December 14, 2006      
From the Principal

Another active semester is coming to a close at Bishop’s – it seems only yesterday that we welcomed the 2006 entering class to campus in September. The fall has been filled with notable events. Dr. Lorne Nelson opened a new observatory on the roof of the Nicolls Building. Renovations aimed at making the Library more hospitable to students were completed early this semester. You will read about a national scholarship winner below. Bishop’s hosted a number of conferences on campus this semester, bringing professors from around the world to Bishop’s. Our students continued their outstanding performances in the classroom, on stages, on the playing fields, and in the community.

Last month Bishop’s received mixed “grades” in two annual rankings of Canadian universities. In our first appearance in the Globe and Mail University Report Card we scored top marks in seven out of the 15 grading categories for the Very Small (less than 4000 students) group of Universities. Generally we did well in areas we expect to excel in, such as Quality of Education (A), Quality of Teaching (A), Class Size (A+), Student Faculty Interaction (A+), Most Satisfied Students (A), and Diversity of Extra Curricular Activities (A). The grades for the Report Card are based on a student survey conducted last spring, so it gives us a good idea of what our most important constituent – our students – think.

The Maclean’s University Rankings were released two days after the Globe and Mail Report Card. 26 universities refused to submit the requested data to the magazine, causing some controversy about the accuracy of this year’s rankings. Bishop’s did agree to participate, although we too share the concern of our colleagues across Canada as to the methodology and measures used. Overall Bishop’s fell from fifth to seventh (out of 21) in the Primarily Undergraduate category. We are not satisfied with this result, but when you dissect the rankings there are some positive signs. Our scores in Average Entering Grade, Student Retention, and Proportion Who Graduate all improved this year.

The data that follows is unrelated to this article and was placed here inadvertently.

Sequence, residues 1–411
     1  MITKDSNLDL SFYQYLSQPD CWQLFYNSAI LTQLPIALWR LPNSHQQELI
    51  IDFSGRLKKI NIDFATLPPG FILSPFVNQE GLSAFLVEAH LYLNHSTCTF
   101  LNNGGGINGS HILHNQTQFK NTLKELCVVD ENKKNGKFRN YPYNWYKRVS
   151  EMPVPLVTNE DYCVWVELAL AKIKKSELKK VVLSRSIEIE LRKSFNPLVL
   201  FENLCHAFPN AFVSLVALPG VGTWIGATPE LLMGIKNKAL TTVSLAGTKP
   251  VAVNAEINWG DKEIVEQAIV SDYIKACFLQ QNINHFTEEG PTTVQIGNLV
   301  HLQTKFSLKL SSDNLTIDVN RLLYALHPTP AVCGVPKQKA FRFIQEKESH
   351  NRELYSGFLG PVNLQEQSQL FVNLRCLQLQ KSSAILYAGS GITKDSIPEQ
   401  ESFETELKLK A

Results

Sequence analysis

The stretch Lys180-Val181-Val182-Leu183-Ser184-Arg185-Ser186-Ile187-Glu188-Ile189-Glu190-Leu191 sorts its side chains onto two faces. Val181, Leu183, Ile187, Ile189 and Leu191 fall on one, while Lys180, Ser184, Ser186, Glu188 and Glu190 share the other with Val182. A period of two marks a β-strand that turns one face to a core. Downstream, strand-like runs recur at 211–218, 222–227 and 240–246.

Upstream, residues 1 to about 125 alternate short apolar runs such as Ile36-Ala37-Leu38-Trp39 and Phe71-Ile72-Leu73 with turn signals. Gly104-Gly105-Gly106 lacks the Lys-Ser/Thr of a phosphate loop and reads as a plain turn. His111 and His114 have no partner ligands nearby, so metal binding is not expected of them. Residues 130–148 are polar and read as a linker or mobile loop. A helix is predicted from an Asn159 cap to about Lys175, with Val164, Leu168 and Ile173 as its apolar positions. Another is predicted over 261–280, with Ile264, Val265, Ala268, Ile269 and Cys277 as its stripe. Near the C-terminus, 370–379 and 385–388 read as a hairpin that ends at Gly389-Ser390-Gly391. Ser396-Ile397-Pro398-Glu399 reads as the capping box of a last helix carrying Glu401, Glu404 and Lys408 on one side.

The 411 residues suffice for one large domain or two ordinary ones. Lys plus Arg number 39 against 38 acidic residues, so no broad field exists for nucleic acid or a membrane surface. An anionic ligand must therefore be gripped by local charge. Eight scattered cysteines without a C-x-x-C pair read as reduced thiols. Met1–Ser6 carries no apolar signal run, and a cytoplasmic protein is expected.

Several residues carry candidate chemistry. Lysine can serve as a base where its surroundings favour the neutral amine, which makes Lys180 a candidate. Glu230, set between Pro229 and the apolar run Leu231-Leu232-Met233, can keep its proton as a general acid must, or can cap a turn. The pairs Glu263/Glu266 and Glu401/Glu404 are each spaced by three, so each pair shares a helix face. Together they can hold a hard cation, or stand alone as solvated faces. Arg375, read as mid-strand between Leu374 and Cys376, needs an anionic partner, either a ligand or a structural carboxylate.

Next semester will be one of paramount importance to Bishop’s. I am confident that negotiations will continue in an environment of respect and collegiality. Of equal importance is the strategic planning process. The landscape of post-secondary education is changing, and it is increasingly competitive to recruit students, faculty and staff to Bishop’s. We will remain true to our past, but change is necessary. That change will not come from the Strategic Planning Committee – it will come from all faculty and staff of the University.

We have already seen examples of departments/areas that have made changes – not always major ones - that have shown great benefit. The English Department, for example, made structural changes to their program, added Film Studies, and changed some of their course titles. The result? The English Department now has the third largest number of course registrations at Bishop’s. Another example – Environmental Science. The Geography Department numbers were dwindling until a program overhaul created the Department of Environmental Studies. The Department has seen stong growth in terms of Honours and Majors as well as course registrations.

Other areas, and not only academic ones, will need to engage in the same sort of intense self-examination, looking for ways in which we might better deliver the Bishop’s experience, or at least differentiate ourselves from other small, liberal, residential universities. I look forward to your collaboration as the planning process unfolds.

The holiday season is a time to give thanks, so please allow me to thank you for your efforts throughout the semester. Bishop’s has many attributes, but our number one asset is the commitment of the men and women employed here who ensure an unparalleled Bishop’s experience for our students. Thank you.

Best wishes for the holidays,
Robert Poupart
Principal and Vice Chancellor

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